About one-third of cancer deaths in 2012 will be caused by tobacco use, and another third will be related to overweight or obesity, physical inactivity, and poor nutrition, according to the American Cancer Society's annual report, Cancer Statistics, 2012.
Released yesterday, the report says that death rates continue to decline for lung, colon, breast, and prostate cancers, which are responsible for the most cancer deaths. However, there has been an increase in the past decade of people developing some less common cancers, including pancreas, liver, thyroid, and kidney cancer.
A total of 1,638,910 new cancer cases and 577,190 deaths from cancer are projected to occur in the United States in 2012. Between 1990/1991 and 2008, the most recent year for which data is available, overall death rates decreased by about 23% in men and 15% in women. This translates to more than 1 million cancer deaths that were avoided.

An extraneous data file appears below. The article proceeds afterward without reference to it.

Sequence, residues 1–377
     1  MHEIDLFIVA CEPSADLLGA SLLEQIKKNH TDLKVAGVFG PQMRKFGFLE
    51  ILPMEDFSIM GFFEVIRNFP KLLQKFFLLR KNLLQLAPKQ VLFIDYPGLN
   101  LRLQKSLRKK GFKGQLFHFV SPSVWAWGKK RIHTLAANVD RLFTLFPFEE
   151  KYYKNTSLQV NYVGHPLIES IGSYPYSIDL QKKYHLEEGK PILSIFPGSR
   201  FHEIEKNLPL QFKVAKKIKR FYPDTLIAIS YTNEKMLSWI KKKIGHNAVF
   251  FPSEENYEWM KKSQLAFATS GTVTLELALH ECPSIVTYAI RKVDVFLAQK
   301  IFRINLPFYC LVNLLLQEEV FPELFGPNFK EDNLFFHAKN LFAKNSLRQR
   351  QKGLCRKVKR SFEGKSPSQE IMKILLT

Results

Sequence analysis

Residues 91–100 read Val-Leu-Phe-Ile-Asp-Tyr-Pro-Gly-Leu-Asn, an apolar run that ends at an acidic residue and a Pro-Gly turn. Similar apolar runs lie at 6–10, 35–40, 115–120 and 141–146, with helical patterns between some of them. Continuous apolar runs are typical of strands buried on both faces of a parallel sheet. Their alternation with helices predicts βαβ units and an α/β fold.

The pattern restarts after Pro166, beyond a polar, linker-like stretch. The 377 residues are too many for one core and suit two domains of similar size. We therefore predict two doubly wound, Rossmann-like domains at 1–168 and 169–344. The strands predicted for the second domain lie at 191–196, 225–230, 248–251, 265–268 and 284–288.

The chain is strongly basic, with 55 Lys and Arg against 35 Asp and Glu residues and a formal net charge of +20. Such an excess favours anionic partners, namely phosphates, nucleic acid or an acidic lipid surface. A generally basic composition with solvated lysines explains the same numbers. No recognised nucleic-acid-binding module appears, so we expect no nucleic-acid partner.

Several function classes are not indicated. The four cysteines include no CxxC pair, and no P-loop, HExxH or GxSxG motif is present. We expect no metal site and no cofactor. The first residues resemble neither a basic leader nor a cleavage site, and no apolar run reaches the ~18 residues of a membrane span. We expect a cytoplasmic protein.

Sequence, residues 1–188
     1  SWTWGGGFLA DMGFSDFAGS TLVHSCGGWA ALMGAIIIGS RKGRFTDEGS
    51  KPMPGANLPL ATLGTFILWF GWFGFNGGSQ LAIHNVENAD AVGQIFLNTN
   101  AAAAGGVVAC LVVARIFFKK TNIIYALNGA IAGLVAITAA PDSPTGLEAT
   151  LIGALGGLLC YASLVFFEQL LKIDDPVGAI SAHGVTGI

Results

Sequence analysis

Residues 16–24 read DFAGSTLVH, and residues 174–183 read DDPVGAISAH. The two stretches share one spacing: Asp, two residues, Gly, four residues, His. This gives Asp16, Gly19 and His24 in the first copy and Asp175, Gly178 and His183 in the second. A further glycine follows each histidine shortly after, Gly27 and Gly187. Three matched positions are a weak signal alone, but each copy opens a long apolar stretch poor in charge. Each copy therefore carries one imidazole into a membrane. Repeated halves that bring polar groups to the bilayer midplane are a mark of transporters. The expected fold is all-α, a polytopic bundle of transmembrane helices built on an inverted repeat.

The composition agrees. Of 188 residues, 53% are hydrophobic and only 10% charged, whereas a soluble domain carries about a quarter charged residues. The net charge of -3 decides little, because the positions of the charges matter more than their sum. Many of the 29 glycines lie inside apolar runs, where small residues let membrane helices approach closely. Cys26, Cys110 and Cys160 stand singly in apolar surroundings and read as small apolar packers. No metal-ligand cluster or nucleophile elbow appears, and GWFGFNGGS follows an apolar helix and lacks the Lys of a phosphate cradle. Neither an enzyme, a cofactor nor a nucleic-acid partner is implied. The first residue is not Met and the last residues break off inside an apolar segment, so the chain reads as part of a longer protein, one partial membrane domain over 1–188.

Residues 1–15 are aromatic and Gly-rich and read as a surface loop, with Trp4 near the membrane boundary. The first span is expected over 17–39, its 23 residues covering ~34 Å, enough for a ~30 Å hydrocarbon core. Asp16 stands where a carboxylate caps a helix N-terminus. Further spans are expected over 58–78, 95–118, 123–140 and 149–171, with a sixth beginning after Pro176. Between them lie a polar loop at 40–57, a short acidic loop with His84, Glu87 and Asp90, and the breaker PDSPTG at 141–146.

The rates of new cancer cases and cancer deaths vary quite a bit among racial and ethnic groups. For all cancer sites combined, African-American men have a 15% higher rate of new cancer cases and a 33% higher death rate than white men. African-American women have a 6% lower rate of new cancer cases, but a 16% higher death rate than white women. However, in the past decade, African-American men had the most rapid decline in death rates, at 2.4% per year.
A companion piece to the report, Cancer Facts & Figures 2012 highlights cancers with increasing incidence trends. Despite a decline in the rates of the most common cancers, there has been an increase in the rates of several less common cancers: pancreas, liver, thyroid, kidney, melanoma of the skin, esophageal adenocarcinoma (a kind of esophagus cancer), and some kinds of throat cancer associated with HPV (human papillomavirus) infection.
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